The “Heroin Chic” Trend Is Back & Its Hidden Message For Society

Updated: Nov 14

Getty Images

The 'heroin chic' look was popularized in the 1990s by supermodels and celebrities who embraced a thin, waifish look that was characterized by pale skin, dark circles under the eyes, and angular features. This look was often achieved through the use of drugs like heroin, which were seen as glamorous and edgy. However, the reality of drug addiction is far from glamorous. Drug addiction is a serious and often deadly disease, and it is important to remember that drugs are not fashion accessories. The 'heroin chic' look normalizes drug use and contributes to the toxicity of Hollywood culture.



Some people believe that the heroin chic look always has been popular in Hollywood, but that it is now exclusively reserved for thin, white women. This exclusionary trend is often referred to as "heroin chic 2.0." While there is no denying that thin, white women are still the dominant force in fashion and Hollywood, there is also evidence to suggest that black women are beginning to break through these barriers. In recent years, we have seen more black women in prominent roles in fashion and film. While there is still a long way to go, it is clear that black women are slowly but surely making their mark on Hollywood.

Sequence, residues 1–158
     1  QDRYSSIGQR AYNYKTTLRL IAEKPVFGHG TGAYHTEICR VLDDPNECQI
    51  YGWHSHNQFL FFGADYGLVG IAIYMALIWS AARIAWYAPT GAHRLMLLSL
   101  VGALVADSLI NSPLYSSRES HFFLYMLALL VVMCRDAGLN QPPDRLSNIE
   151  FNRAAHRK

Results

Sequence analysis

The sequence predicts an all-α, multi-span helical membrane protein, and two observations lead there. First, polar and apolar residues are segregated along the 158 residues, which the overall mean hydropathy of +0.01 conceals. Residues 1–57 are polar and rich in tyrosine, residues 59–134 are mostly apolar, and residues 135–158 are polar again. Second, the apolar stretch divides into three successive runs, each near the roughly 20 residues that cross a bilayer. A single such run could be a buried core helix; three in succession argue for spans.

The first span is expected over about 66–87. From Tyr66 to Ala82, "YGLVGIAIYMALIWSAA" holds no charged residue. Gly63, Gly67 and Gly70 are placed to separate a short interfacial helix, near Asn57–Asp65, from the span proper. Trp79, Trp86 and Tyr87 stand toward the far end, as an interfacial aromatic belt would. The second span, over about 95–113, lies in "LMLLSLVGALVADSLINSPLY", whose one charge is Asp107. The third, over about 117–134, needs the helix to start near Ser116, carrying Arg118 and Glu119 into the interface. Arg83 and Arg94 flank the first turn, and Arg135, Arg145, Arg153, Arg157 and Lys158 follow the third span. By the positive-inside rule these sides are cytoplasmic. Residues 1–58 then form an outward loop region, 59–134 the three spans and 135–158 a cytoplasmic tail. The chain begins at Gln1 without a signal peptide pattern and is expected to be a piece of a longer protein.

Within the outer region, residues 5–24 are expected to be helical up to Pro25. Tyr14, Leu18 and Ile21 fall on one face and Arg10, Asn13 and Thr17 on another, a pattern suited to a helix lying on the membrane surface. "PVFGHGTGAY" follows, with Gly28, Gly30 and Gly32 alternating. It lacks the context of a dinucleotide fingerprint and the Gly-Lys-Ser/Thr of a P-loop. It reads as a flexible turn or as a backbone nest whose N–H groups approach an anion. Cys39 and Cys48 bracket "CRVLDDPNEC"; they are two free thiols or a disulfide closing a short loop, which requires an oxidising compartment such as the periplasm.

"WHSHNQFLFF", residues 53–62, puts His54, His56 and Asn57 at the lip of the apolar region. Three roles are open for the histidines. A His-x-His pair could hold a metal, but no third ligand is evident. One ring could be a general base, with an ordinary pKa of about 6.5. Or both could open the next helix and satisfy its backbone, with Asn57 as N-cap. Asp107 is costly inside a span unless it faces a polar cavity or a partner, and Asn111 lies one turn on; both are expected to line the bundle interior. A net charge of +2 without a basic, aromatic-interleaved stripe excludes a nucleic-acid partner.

advertisement


 

What Does The ''Heroin Chic'' Trend Says About Our Current Society?


Is there a hidden message behind this trend?

Probably. There are a few possible reasons for the return of Hollywood's heroin chic trend. One reason may be that heroin use is on the rise in the United States, so it's only natural that it would be reflected in the media.


Another possibility is that the current generation of young people is more open to discussing taboo subjects like drug use, so they are more likely to see films and TV shows that depict it.


Additionally, the current political climate may be contributing to the trend, as many people are feeling anxious and uncertain about the future. They become rebellious. Whatever the reason, it's clear that heroin chic is back in a big alarming way.